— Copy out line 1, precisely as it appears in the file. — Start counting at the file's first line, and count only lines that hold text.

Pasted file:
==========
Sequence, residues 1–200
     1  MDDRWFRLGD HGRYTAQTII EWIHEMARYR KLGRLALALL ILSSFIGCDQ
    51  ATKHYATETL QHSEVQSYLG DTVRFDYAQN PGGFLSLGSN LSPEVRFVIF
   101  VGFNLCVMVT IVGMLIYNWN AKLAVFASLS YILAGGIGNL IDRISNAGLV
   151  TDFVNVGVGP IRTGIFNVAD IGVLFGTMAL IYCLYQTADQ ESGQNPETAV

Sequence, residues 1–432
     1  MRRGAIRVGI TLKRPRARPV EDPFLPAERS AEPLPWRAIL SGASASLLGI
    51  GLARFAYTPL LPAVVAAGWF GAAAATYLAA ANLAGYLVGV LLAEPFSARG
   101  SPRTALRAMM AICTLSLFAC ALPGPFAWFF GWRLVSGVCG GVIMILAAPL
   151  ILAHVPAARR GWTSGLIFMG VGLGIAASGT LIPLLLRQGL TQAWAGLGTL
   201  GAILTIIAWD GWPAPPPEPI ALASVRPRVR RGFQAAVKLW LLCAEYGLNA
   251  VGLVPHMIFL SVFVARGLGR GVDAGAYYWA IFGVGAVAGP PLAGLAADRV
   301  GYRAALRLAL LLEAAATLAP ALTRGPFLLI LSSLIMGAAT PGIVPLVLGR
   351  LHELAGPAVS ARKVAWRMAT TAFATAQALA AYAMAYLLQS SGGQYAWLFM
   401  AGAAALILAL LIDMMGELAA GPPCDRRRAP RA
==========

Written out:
Sequence, residues 1–200